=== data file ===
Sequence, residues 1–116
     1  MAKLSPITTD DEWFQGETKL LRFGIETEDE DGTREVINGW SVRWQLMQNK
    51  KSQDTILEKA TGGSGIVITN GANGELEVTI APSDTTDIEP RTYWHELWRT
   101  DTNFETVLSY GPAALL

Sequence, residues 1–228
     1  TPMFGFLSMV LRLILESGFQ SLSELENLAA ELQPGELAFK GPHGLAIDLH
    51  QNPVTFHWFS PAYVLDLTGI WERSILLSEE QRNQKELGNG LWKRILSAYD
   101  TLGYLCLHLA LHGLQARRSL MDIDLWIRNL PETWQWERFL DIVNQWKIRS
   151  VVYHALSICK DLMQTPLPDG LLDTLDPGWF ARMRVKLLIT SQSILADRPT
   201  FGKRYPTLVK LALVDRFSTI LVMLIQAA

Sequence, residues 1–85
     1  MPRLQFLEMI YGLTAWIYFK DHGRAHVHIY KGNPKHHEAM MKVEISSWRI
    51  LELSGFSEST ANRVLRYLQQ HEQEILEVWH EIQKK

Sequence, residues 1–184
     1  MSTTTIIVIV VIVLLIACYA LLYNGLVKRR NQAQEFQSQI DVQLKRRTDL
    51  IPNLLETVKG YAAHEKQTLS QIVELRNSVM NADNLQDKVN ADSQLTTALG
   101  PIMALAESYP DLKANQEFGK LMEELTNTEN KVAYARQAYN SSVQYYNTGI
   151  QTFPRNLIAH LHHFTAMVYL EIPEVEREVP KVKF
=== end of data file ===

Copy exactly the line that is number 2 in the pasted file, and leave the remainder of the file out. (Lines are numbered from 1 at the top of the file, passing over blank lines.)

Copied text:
     1  MAKLSPITTD DEWFQGETKL LRFGIETEDE DGTREVINGW SVRWQLMQNK